For many decades the tobacco industry argued that a correlation between smoking and lung cancer didn’t prove causality.  There is dearth of objective research into the effect of tutoring however the circumstantial evidence, in the form of a thriving cottage industry in tutoring, is overwhelming.  Parents are clearly in no doubt whatsoever that tutoring increases the chance of their child getting a place.  CEM who provide about half the 11+ tests have withdrawn promotional material suggesting their tests are resistant to tutoring and recently stated, “Without extensive and expensive research, it is not possible to quantify the impact of coaching on the results from our tests.”  The test providers are best placed to carry out any research into the effects of tutoring but like the tobacco industry before them, have no incentive to undertake research which would threaten the millions of pounds they currently earn each year from administering the tests.

‘Parental Choice’ will always be the preserve of who can afford it, whether through buying a house in the right area, paying to send a child long distances to attend a school or tutoring to pass a test but the evidence here is conclusive and quantifiable; selective schools are systematically disadvantaging children who live in areas of 20% poverty and above. 

 

Acknowledgements.

I am very grateful to National Pupil Database team for their help and guidance in applying to use and providing their data. 

About the data

The data were taken from the KS4 Pupil 2015 data linked to KS2 Autumn Census 2014/15. 

The Selective schools dataset consisted of 22,474 individual pupil records which matched KS4_ADMPOL=2 (selective schools). 

The non-selective dataset consisted of 519,521 individual pupil records which matched either KS4_ADMPOL=1 (comprehensive) or KS4_ADMPOL=3 (Secondary Modern). 

Citations

Wilshaw M, 5 Sept 2016, Speech at the London Councils education summit. Published on gov.uk website https://www.gov.uk/government/speeches/sir-michael-wilshaws-speech-at-the-london-councils-education-summit

Nash J, 8 Sept 2016, Debate in House of Lords.  Published on www.parliament.uk website http://hansard.parliament.uk/Lords/2016-09-07/debates/16090727000539/GrammarSchools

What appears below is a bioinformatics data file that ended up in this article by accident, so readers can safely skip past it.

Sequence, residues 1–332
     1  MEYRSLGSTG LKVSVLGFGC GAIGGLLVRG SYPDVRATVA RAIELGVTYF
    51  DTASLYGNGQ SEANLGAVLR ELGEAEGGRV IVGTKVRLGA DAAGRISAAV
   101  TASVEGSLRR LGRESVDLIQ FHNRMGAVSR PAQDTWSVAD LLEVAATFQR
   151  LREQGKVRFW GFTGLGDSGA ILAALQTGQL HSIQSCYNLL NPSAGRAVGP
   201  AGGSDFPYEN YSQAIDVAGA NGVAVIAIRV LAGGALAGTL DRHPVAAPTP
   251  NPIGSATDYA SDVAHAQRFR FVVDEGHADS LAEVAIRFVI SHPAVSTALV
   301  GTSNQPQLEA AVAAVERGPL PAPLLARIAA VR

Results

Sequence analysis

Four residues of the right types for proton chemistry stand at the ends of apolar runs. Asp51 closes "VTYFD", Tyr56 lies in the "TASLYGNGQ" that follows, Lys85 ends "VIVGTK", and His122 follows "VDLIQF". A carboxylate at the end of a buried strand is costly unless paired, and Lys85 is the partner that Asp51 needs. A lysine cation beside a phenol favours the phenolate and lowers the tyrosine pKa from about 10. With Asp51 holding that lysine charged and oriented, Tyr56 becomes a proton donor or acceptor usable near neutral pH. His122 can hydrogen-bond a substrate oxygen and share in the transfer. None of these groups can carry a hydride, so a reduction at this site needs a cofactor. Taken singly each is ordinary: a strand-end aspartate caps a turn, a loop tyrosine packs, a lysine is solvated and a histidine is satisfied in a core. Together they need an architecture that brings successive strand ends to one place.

Crawford C and Greaves, E, 2013, A comparison of commonly used socio-economic indicators: their relationship to educational disadvantage and relevance to Teach First.  The Institute for Fiscal Studies, London.  http://www.ifs.org.uk/comms/r79.pdf

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rogertitcombe's picture
Sat, 10/09/2016 - 13:56

Of course there is a link between wealth and intelligence, not on an individual basis, but it is well established that poor post codes produce low mean CATs scores. It there to see in the CATs data for every school that has them. See my Mossbourne Academy Study in Part 4 of, 'Learning Matters'.

That is why 'fair banding' driven by CATs scores is needed to prevent 'sink estates' producing 'sink schools'. It is the essential difference between Mossbournre Academy and Hackney Downs School.

See also

https://rogertitcombelearningmatters.wordpress.com/2016/02/07/there-were...


Arthur Harada's picture
Sat, 10/09/2016 - 16:40

Whether a child comes from a poor home is on FSM or the contrary is chauffeured to school in the Bentley is not relevant in deciding whether he/she will do well in a grammar school or a comp. The important thing which researchers seems to miss is the quality and continual support and enthusiasm the child receives from the home. That is why some children from immigrant heritage achieve well despite such factors as FSM and English as a second language because once behind the front door parental love, interest, drive and commitment to their child overcome poverty and even lousy teaching. See "Education and the Working Class"-Jackson and Marsden


rogertitcombe's picture
Sat, 10/09/2016 - 18:47